Many physicians recognize the need to control health costs in the U.S., but they're not eager to change how physicians are paid as a means of cost control, according to a new survey of physicians' attitudes about health cost containment published in JAMA.
Many physicians recognize the need to control health costs, but they're not eager to change how physicians are paid as a means of achieving cost control, according to a new survey of physicians' attitudes about health cost containment published in JAMA.
Cost-containment strategies that would cut direct payments to physicians in some form were particularly unpopular: 70% of doctors reported they weren't enthusiastic about eliminating the fee-for-service payment model, while 94% weren't enthusiastic about allowing Medicare payment cuts to physicians to take effect, according to a report on the survey.
Not surprisingly, salaried physicians were "significantly more likely" than those with a billing-only compensation model to express enthusiasm for eliminating fee-for-service, the report says.
Other strategies for changing for how physicians get paid were similarly opposed. Sixty-five percent of physicians aren't enthusiastic about bundled payments, and 59% aren't enthusiastic about penalizing providers for avoidable readmissions.
"Changing how physicians get paid is very unpopular in the profession," the report states. "Efforts to implement such changes, like the recent National Commission on Physician Payment Reform’s recommendations to eliminate fee-for-service reimbursement, could face stiff opposition from within the profession."
In a strongly worded editorial accompanying the report, Ezekiel Emanuel, MD, PhD, and Andrew Steinmetz call the survey's results "somewhat discouraging."
"The survey of 2,556 physicians suggests that in the face of this new and uncertain moment in the reform of the healthcare system, physicians are lapsing into the well-known, cautious instinctual approaches humans adopt whenever confronted by uncertainty: blame others and persevere with 'business as usual,'" Emanuel and Steinmetz say.
Specifically, Emanuel and Steinmetz seize on one question that asked physicians to rate whether various healthcare stakeholders have "major," "some" or "no" responsibility in reducing healthcare costs. Just 36% of physicians said that individual practicing physicians bear major responsibility. Physicians pointed to many other groups at much higher rates as having major responsibility for controlling costs, such as trial lawyers (60%), health insurance companies (59%), pharmaceutical and device manufacturers (56%), hospitals (56%), patients (52%) and government (44%).
As Emanuel and Steinmetz wryly observe: "Physicians report that almost everyone but physicians bear responsibility for controlling healthcare costs."
The editorial castigated physicians for "denial of responsibility" and failing to embrace the "all-hands-on-deck" approach that Emanuel and Steinmetz say is need to reduce excessive health costs in the U.S.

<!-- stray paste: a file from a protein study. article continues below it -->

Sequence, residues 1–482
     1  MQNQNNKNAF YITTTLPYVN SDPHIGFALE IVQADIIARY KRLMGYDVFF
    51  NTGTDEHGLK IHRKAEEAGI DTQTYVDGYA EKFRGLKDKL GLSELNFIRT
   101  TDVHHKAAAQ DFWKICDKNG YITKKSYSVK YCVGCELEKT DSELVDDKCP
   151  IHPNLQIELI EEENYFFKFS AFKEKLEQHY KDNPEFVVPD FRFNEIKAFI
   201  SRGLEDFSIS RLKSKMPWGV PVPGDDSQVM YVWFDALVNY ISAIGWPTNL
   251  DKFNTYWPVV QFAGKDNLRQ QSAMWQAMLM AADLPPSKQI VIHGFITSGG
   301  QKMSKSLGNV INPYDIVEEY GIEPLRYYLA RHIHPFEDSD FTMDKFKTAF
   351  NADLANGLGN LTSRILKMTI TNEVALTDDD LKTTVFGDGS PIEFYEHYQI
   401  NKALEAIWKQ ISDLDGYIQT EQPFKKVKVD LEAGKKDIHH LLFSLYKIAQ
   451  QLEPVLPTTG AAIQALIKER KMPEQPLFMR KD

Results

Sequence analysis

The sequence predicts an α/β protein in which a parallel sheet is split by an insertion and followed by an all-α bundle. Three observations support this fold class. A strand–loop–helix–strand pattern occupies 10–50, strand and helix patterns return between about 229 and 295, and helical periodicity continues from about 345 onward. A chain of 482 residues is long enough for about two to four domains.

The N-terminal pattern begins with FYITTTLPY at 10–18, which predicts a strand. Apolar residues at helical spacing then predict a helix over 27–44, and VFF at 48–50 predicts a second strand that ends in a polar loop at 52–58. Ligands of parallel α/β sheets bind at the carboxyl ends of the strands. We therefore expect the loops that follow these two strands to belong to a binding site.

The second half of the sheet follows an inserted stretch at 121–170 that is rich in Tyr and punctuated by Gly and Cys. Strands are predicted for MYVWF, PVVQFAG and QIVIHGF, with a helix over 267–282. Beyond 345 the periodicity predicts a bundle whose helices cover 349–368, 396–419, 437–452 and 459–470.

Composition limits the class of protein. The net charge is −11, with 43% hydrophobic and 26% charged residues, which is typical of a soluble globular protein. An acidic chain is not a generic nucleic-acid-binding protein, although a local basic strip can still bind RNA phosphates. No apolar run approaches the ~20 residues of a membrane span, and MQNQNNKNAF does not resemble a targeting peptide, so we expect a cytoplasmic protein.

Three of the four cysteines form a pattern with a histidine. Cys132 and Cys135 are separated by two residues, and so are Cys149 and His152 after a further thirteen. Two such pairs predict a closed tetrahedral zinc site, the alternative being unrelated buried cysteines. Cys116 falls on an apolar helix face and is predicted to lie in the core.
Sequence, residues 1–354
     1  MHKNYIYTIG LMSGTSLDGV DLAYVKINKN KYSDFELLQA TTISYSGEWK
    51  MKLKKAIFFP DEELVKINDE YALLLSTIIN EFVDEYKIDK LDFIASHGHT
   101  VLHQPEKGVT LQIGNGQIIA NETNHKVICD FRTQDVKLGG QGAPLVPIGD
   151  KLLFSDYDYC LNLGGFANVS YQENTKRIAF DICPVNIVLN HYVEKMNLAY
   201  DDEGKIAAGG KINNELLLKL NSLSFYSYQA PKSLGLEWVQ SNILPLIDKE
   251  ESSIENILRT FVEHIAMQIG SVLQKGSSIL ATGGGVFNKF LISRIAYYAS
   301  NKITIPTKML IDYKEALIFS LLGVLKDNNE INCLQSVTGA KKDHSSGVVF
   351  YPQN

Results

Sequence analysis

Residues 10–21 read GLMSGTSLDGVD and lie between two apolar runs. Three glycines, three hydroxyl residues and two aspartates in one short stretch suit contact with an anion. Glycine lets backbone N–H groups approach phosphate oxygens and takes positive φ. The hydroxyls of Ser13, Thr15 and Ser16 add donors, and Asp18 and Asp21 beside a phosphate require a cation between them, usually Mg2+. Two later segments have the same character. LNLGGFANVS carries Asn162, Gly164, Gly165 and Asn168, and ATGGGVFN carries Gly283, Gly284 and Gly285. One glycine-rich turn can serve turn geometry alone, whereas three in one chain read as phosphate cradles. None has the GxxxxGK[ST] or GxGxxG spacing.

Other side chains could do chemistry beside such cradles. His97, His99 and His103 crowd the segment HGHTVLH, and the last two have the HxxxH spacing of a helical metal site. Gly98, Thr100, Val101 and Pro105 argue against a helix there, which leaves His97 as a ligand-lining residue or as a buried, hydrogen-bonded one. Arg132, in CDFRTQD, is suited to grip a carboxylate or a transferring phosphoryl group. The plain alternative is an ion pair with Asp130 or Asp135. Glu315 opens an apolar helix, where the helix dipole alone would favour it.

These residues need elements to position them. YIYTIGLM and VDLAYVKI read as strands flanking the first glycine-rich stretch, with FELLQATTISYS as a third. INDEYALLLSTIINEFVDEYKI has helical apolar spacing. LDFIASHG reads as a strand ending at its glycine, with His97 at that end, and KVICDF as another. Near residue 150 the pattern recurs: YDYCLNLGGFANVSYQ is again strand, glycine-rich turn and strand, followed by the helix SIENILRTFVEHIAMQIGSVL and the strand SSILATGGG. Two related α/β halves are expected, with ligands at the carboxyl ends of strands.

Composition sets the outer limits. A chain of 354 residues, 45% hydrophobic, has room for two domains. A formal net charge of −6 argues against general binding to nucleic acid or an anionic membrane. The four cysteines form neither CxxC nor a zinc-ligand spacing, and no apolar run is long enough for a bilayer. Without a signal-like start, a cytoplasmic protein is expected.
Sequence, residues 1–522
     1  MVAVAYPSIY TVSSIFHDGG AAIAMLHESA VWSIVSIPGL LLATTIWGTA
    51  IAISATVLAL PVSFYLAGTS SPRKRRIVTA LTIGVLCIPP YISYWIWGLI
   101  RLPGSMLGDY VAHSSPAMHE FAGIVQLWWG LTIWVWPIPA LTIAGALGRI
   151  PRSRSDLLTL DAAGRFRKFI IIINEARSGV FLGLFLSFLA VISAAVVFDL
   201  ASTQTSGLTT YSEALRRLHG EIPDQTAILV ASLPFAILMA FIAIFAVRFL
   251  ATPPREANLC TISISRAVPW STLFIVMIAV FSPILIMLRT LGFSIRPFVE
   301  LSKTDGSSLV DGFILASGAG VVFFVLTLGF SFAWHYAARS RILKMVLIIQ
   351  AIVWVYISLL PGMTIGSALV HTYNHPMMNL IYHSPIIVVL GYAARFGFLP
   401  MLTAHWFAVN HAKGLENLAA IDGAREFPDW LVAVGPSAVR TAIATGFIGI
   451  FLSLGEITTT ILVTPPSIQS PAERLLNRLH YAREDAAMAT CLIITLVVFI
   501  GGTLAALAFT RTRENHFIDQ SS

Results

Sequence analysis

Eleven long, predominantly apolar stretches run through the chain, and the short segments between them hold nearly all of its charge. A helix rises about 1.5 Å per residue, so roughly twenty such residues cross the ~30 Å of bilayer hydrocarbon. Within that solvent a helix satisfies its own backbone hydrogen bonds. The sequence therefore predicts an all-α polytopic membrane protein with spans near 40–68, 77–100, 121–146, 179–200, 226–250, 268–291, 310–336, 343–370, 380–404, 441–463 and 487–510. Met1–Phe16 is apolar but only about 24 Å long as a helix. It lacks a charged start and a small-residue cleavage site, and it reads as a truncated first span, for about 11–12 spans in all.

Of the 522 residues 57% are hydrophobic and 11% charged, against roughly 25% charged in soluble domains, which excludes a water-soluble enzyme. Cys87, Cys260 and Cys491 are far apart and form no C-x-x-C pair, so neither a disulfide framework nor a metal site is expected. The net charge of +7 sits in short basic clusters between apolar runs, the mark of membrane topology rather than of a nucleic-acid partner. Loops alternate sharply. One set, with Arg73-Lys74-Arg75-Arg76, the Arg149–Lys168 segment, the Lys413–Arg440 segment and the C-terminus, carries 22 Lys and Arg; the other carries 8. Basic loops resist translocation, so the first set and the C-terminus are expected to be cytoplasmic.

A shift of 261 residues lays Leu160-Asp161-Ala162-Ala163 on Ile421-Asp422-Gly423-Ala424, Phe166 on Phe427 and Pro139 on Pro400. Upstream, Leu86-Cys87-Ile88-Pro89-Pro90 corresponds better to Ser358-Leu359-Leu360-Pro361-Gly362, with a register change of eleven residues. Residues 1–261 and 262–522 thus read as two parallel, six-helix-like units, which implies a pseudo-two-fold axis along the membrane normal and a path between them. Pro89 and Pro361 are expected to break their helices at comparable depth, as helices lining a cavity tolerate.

"Physician autonomy and leadership can only be affirmed if accompanied by acceptance of responsibility and accountability," they write. "Unless physicians want to be marginalized-unless they are willing to become just another deckhand- they must accept and affirm that they are responsible for controlling healthcare costs."
But Emanuel and Steinmetz didn't find all of the survey's results discouraging. On the positive side, physicians recognize that health costs are important and embraced three specific reforms that could take a bite out of health costs: using cost-effectiveness data to determine the availability of services, limiting access to expensive treatments that have little net benefit and including decision-support tools in electronic health records that show possible costs of tests and treatments, they note.
In physicians' defense, many of their responses to the survey reflect a difficult balancing act faced by nearly all doctors - the "inherent tensions" in physicians' professional role of serving both patients individually and society as a whole, the report's authors write.
For example, 78% of physicians surveyed agreed that they should be solely devoted to their patients' best interests, even if that's expensive, while 85% agreed that trying to contain costs is the responsibility of every physician. The study's authors gently label those somewhat contradictory views as "nuanced."
That difficult juggling act of trying to serve two masters is likely one that physicians will continue to struggle with for the near future.
The JAMA study, called "Views of Physicians About Controlling Heatlhcare Costs," featured John Tilburt, MD, MPH, of Mayo Clinic as lead author. The authors obtained data by sending an eight-page survey to physicians elected at random from American Medical Association's Physician Masterfile. Respondents represented all specialties, according to the report.
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